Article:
Oftentimes, emotions are viewed as positive or negative emotions. People often focus more on positive emotions as they want to feel good all the time. People also tend to neglect or ignore “negative emotions” because they make them feel uncomfortable.
However, all emotions are signals to us. Emotions indicate to us when our needs are not being met. If people paid more attention to their emotions, they would heed the signals emotions send out more consistently. Emotions as signals indicate to us needs that need to be addressed. When people take the time to address these unmet needs, their quality of lives would increase.
Positive and Negative Emotions
People often regard positive emotions as more acceptable and appropriate. In our social media and highlight reel world, positive emotions are even more revered now more than ever. Emotions that cause us to feel happy, excited, and positive are consistently shared and talked about more. However, emotions that make us feel sad, distressed, or anxious, tend to be avoided and not discussed.
Yet, all emotions indicate to us how we are feeling inside. They indicate when our emotional, social, and relational needs are not being met. Additionally, when situations occur that make us uncomfortable, people often cling to anger as anger can feel empowering. Feeling vulnerable is rarely celebrated or acknowledged. Rarely do we dig below the anger to learn what other feelings may be present.
Consequently, we tend to water our feelings down. We tend to acknowledge one feeling at a time when this is often not the case. We feel multiple feelings as we are often receiving multiple stimuli at once. For example, if someone said something mean to you, you may feel sad because the words hurt, you may feel angry because you feel offended, you may feel rejected because you feel left out, and you may feel confused as to why this person was being mean to you in the first place. As demonstrated, there are a number of emotions present at once.
Primary and Secondary Emotions
Anger is often the first thing we feel when we experience “negative emotions.” Many people fear anger because of the many societal lessons about projecting anger onto others. However, anger is a normal emotional response to stimuli. What we actually fear is expressing our anger in hurtful ways.
As noted above, anger can often feel empowering so we will cling to that feeling more than we will hold onto feeling vulnerable. To appropriately address our anger, we need to hold space for vulnerability. When we can sit with our vulnerability, we can look below the anger to examine the other emotions which are present.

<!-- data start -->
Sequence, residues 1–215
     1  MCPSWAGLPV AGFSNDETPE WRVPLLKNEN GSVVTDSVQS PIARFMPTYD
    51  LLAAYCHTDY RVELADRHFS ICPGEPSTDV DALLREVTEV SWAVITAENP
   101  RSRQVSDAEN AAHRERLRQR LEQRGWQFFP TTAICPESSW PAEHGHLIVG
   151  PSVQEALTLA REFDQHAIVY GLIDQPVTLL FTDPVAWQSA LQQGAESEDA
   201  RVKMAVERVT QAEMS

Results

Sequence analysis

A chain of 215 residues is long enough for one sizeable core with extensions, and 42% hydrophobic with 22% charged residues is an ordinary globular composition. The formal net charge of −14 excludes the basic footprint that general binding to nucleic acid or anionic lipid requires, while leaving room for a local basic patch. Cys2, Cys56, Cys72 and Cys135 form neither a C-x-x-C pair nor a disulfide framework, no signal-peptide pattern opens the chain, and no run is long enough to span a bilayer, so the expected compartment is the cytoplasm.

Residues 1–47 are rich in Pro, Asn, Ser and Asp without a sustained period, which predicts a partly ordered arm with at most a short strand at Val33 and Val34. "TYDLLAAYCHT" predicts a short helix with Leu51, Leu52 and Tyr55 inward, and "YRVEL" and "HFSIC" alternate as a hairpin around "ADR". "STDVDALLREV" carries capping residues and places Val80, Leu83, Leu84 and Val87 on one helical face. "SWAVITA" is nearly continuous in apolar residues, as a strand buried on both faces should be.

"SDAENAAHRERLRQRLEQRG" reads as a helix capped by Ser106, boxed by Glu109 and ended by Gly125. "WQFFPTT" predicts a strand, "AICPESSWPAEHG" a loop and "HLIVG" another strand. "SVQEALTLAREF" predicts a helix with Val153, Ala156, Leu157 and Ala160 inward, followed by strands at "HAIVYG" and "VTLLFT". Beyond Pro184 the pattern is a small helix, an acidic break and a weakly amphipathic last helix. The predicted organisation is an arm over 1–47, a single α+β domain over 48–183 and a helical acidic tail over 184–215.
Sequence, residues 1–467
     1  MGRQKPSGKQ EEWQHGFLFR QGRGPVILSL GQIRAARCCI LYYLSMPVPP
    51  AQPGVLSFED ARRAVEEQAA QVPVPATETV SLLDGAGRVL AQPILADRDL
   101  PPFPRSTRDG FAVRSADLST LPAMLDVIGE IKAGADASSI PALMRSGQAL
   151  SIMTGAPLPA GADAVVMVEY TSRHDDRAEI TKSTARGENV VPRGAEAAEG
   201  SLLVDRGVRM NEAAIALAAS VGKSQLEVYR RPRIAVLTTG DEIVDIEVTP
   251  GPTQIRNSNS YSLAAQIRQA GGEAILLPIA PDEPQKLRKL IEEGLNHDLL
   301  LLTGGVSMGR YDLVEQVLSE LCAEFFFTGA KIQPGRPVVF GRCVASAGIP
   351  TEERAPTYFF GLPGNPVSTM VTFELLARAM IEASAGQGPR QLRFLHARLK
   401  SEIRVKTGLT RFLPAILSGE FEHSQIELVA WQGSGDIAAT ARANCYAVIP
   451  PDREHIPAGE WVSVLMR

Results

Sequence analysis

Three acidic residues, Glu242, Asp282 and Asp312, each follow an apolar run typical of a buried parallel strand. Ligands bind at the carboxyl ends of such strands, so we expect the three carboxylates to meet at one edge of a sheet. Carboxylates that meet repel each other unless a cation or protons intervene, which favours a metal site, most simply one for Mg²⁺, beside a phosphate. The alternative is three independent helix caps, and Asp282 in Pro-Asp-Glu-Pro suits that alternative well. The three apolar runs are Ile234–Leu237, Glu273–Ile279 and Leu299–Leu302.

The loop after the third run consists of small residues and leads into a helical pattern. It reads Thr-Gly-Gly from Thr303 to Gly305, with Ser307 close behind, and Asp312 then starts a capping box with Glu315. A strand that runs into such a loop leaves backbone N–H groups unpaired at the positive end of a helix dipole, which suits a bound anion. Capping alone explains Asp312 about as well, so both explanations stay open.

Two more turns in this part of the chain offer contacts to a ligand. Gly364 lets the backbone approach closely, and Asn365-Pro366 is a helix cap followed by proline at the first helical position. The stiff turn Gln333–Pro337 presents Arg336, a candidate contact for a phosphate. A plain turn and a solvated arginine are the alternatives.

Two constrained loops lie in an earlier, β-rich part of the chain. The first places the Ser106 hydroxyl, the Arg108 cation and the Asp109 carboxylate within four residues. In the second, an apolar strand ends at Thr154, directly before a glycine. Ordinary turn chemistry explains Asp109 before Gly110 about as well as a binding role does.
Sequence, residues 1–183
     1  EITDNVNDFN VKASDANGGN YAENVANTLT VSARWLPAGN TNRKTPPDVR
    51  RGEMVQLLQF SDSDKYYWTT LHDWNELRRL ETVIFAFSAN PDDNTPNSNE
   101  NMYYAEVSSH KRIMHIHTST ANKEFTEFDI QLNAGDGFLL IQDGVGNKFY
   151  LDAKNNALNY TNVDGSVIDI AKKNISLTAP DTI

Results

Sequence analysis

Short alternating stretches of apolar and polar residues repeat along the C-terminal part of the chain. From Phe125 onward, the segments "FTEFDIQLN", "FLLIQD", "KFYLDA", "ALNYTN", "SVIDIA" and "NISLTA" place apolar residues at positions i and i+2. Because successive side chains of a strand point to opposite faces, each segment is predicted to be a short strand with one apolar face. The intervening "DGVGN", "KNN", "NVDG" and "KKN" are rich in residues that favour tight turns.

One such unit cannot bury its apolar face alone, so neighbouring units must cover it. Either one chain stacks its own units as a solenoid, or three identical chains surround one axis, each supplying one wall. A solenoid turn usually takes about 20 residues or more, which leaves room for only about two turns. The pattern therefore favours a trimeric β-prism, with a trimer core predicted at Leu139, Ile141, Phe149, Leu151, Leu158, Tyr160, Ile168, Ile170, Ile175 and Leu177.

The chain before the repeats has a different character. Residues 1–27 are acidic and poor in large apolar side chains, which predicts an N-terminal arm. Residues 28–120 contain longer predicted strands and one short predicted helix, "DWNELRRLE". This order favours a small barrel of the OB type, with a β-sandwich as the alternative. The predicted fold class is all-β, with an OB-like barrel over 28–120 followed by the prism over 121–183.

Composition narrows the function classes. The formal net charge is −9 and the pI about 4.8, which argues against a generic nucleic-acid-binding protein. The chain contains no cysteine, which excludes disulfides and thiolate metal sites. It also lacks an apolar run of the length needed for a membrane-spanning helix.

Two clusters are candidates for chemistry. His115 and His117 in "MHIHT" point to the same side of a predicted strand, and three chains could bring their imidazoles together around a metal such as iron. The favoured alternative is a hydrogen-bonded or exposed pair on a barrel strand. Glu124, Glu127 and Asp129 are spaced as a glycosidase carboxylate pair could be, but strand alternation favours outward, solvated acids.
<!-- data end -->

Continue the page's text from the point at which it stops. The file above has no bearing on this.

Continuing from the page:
While anger is often the first emotion we cling to, it is, in fact, the secondary emotion. This means that it is masking our primary emotion. In the example above, while anger is present, you will notice other emotions including rejection, sadness, and confusion are also present. If we allowed space to sit with the feelings and the experience, we may be able to connect to a deeper emotional experience that could facilitate a much deeper healing in our lives. This type of emotional experience could transform our relationships.
For example, if we noticed a connection in situations where we feel rejected, we may learn that we often lash out in anger. This signal indicates a pattern of behavior. Further exploration of this emotional experience may indicate that a fear of rejection exists from a primary relationship (for example with a parent). Hence, whenever we feel rejected, we connect that feeling and experience to the rejection we feel from a parent, and to avoid feeling vulnerable, we lash out in anger to protect ourselves. Reading these emotional signals create awareness and understanding which now creates the space for healing and growth.
To facilitate healing in your life, you must be willing to create space for emotions. Emotions are not linear. And consequently, healing is not linear. However, emotions indicate to you the needs that need to be addressed, and thereby, presents opportunities for healing and wholeness.
When we take time to process our emotions, we will learn that we experience multiple feelings that reflect our emotional experiences to us. Accepting both our primary and secondary emotional experiences allow us to make space to connect our overall emotional experiences. When we accept the interconnectedness of our emotional experiences, we can make room for holistic growth and healing which improves our relationships.
If you need a safe space to process your emotional experience, connect with me today for a 15-minute consultation.